1)  SEO Web Developer:  This person or firm needs to know how to properly code a web site for maximum Search Engine Optimization.  They need to have up to date knowledge of SEO guidelines and specific search engine guidelines from companies like Google, Yahoo and MSN.
2)  SEO Copywriter:  This person or firm needs to write original marketing text copy on your behalf with a focus on Search Engine Optimization.  Again, this person needs to have a high level of proficiency in SEO copywriting techniques and strategies.
3)  You:  Because no one knows your business better than you.  You need to be involved in the process.  Don’t be so quick to let the developers and copywriters tell you what’s good for your business especially if your business experience and instincts tell you otherwise
( What to AVOID )
There are many posers in the Search Engine Optimization (SEO) industry.  Be careful not to get burned.
1)  Avoid any firms that will guarantee a specific organic listing position.  No legitimate SEO firm will do this.
2)  Avoid any SEO person or firm that can’t show you proof of their previous results with clients.
3)  Avoid any SEO person or firm that cannot give you at least 3 solid references you can call.  YOU SHOULD CALL THEM.
4)  Avoid SEO firms based overseas.  This is one of the top fraud areas for Search Engine Optimization.
5)  Avoid SEO firms that say they will submit you automatically to thousands of search engines.  Only 3 matter—Google, Yahoo and MSN.
6)  Avoid any SEO person or firm that does not practice or commit to “white hat” SEO methodologies.  Getting associated with a firm using dirty tricks to fool search engines can get your web site blacklisted.
It’s important to keep in mind that Search Engine Optimization is not an event.  It is a STRATEGY.
Depending on the scope of your web site and the level of competition in your industry, a proper SEO strategy can cost anywhere from 5K to 75K.  Of course, this is a lot to invest but the idea is for your business to benefit tremendously from free web site traffic as a result of top placement for optimal keywords.  These free listings are called Organic Listings and the traffic from them is called Organic Traffic.  Only you can determine what being on the first page of Google for your top keyword choice is worth in “real” hard dollars.
In a future blog post, I will offer some SEO tips you can potentially implement without hiring professionals.  A little preview… Do you know how many times I used the phrases SEO and Search Engine Optimization in this blog post?

Video Remedy for The Last 48 Hours—Last Lecture

Posted by John Park on Sep 17th, 2008
Sep 17
It’s been a whirlwind (more like a tornado) in the last 48 hours.  Lehman Brothers (founded in 1850) went belly-up, Merrill Lynch gets bought by B of A and AIG gets a 85 Billion bail-out by the Feds.  On deck—Washington Mutual.  When I was graduating from college, these were some of the names that were at the top of the list for places we should strive to find employment.  Google wasn’t around then.
Yes, these are huge business blunders to blog about but because of the magnitude, there will be plenty of opinions flooding the WWW. 
Instead, I want to share with you an inspirational video.  It’s about life, priorities, what we found important as children and about that all important and elusive “balance”.  If you haven’t seen this video yet, you should.  I know an hour is a huge commitment of time I am asking of my business owner readers.  It’s worth it.  Save it for later if you have to.  As the world appears to turn upside down, it will help put things back in perspective while allowing you to refocus on the task at hand.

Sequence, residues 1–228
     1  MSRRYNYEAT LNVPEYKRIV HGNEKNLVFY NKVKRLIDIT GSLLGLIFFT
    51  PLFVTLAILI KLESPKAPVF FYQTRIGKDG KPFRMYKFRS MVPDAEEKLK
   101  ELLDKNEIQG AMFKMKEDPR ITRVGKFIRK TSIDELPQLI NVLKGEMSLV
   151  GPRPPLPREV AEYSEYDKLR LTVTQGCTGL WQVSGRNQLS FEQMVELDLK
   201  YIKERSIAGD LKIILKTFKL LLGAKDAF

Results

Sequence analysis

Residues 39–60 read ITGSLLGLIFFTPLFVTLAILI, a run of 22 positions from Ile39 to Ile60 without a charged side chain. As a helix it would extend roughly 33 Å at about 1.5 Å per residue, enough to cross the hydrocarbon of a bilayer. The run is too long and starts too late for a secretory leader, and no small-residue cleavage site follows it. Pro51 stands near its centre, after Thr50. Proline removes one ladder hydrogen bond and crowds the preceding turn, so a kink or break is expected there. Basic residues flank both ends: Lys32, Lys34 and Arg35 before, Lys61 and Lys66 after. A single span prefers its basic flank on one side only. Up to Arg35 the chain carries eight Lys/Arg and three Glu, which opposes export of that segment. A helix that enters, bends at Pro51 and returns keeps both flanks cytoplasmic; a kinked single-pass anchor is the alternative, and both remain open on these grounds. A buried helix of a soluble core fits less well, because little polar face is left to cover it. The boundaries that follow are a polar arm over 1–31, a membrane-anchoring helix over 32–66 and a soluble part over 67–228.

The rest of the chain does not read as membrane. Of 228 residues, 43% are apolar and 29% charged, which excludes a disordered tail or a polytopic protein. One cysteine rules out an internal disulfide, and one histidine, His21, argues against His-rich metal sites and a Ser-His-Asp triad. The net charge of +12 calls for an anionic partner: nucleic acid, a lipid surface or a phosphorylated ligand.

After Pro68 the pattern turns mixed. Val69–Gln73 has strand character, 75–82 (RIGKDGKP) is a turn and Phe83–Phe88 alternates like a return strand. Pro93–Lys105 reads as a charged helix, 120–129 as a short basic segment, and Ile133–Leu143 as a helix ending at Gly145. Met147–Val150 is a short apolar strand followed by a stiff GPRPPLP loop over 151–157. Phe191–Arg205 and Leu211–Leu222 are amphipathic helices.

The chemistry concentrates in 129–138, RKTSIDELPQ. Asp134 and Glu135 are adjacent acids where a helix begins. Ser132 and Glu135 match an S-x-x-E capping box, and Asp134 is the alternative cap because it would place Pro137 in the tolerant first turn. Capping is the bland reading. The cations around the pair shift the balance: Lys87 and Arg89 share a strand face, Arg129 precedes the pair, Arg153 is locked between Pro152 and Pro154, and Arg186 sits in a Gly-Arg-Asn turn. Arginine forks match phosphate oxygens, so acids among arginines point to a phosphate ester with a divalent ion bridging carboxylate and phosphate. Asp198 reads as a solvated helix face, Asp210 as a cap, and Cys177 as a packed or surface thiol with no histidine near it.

If you cannot view the video in your e-mail, please visit Biz Crusader directly.



Sep 11

Blackberry Keyboard


Today… a post about adjusting to the times.  For those of you business owners who are exclusively using toll-free vanity numbers on your ads, I have a message for you.  STOP doing it!


This is especially true if you insist on putting these phone numbers that spell something on your mobile or outdoor ads.  Yes, I am referring to the vans, trucks, billboards and etc.


THE REASON:  Many alphabet placements on cell phones are different than regular home or office phones.   That’s right.  The letters are not in the same place.  If I tried to dial 1-800-FLOWERS from my blackberry, I would have no idea how to do it and the call will most certainly end-up as a wrong number.  This is not counting the frustration and loss of that immediate and often emotionally-based inquiry.


What’s the solution?  The idea of vanity phone numbers are not completely bad because it allows us to memorize a number quickly but you cannot print the vanity phrase alone as many businesses still do.  Below is an example of how it should be publicized.  In essence, the real number should be present with the vanity phrase.



In addition, partial vanity numbers should be avoided completely in my opinion.  You’re much better off trying to get a number with consecutive same digits.  By the way, I have never met anyone that likes dialing a vanity number as you slowly focus in on each letter to translate it on your dial pad.


Sorry for the tirade.  I just drove by a van that was promoting a carpet cleaning service.  I am in need of such a service.  When I started to dial it, I realized that part of the toll-free number they were marketing was a vanity number.  Partial vanity phone numbers are the worst because they are harder to memorize thus BRAND.  I had to give up because I couldn’t dial the number.  They lost a prospect and a potential sale.


We live in a world of immediacy with instant communication tools at our disposal.  Make sure that your toll-free vanity phone number strategy is in line with the times and today’s technology.  You cannot expect a prospect to memorize your number or write it down only to wait and call you when they get home or to their office.  I know… I know… I could have taken a picture of it with my cell phone camera.  That thought escaped me at the time.

***By the way, the same exact problems arise when you have an automated answering system that asks the caller to spell the person’s first or last name.***